SAN FRANCSCO (KGO) -- Some Bay Area groups are working to make monitors to track air quality more accessible for low-income communities.
You can buy an air quality sensor to put in your own home, but they can be pricey, ranging from $100 to $300.
Local groups are working to fill that gap, especially as smoke from wildfires in Northern California and Oregon continue to impact air quality.
The organization Brightline Defense has 19 monitors tracking the air quality in four San Francisco neighborhoods, including the Tenderloin and South of Market.
"We had the opportunity to do these community input meetings, with particularly SRO tenants -- single room occupancy tenants -- that live in the Tenderloin/Mission District, and also throughout eastern San Francisco and ask them where they would like these air quality sensors cited, so that then they would know whether it's safe to go outside or not," said Brightline Defense Executive Director Eddie Ahn.
Ahn said they started this tracking in 2020 because of the wildfires then. Today, residents can check the data online in real time. And they're seeing the impact from these current wildfires.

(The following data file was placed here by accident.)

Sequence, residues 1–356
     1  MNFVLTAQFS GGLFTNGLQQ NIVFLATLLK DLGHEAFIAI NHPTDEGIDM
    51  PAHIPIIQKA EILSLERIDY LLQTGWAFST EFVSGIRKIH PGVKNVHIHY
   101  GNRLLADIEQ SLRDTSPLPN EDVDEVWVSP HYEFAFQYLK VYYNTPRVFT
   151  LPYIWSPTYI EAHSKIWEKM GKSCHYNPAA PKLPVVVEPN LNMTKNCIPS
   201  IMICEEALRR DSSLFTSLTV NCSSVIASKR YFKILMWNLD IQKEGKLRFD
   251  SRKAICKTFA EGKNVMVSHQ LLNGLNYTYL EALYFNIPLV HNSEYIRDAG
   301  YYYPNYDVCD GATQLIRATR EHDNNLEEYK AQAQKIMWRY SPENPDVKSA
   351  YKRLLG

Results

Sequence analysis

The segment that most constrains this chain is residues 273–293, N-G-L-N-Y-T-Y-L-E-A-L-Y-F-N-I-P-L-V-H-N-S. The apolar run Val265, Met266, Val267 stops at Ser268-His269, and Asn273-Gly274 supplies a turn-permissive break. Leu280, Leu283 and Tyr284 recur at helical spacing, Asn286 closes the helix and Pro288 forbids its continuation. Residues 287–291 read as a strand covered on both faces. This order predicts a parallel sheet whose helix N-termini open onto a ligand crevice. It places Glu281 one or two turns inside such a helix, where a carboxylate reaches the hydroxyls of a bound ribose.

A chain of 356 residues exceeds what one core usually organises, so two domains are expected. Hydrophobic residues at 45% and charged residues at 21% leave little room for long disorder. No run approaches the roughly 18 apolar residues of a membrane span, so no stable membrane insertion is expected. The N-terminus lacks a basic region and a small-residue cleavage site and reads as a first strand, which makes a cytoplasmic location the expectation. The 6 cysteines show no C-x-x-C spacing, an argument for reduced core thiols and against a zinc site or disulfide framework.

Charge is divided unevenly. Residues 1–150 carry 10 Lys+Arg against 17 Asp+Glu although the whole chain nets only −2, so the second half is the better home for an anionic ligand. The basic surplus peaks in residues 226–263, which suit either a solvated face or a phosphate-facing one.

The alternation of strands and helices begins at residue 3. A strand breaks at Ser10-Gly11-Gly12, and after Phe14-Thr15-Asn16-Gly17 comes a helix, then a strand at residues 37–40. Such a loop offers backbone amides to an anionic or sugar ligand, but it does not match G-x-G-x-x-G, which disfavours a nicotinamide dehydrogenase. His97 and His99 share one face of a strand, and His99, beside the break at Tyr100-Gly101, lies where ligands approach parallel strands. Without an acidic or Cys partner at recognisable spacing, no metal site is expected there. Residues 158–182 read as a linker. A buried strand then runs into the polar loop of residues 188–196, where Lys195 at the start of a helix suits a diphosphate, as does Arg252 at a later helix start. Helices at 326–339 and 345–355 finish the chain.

"Air quality has gotten significantly worse, unfortunately, particularly in eastern San Francisco, where there's a dearth of air quality sensors -- sensors for low-income households," Ahn said. "And so, that's been a challenge to see that we have seen essentially. The air quality readings take a big dip, and that we've seen the air quality readings go to the red zone, meaning that people should stay indoors."
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The organization, Groundwork Richmond, has given out more than 20 purple air sensors to residents as part of their Air Rangers program.
"If you look at the air quality map, particularly with purple air sensors, you can see there is a discrepancy of where the air sensors are being deployed, and they are in more affluent neighborhoods," Executive Director Lorena Castillo said. "And so typically where the air quality is the worst is where there is a huge lack of sensors."
Groundwork Richmond also has some sensors in public spaces and has noticed worse air quality with the wildfires recently. It has some more sensors it is giving out to residents who qualify.
Castillo said this knowledge can help inform residents.
"They can make informed decisions about whether or not they want to send their kids to school, or whether or not they want to take that walk, at peak hours, where the air quality is really bad," Castillo said.
Brightline Defense is also working with the Bay Area Air Quality Management District on distributing 50 air filtration units.
The air district was awarded an EPA grant for community air monitoring in East Oakland, which will include air sensors.
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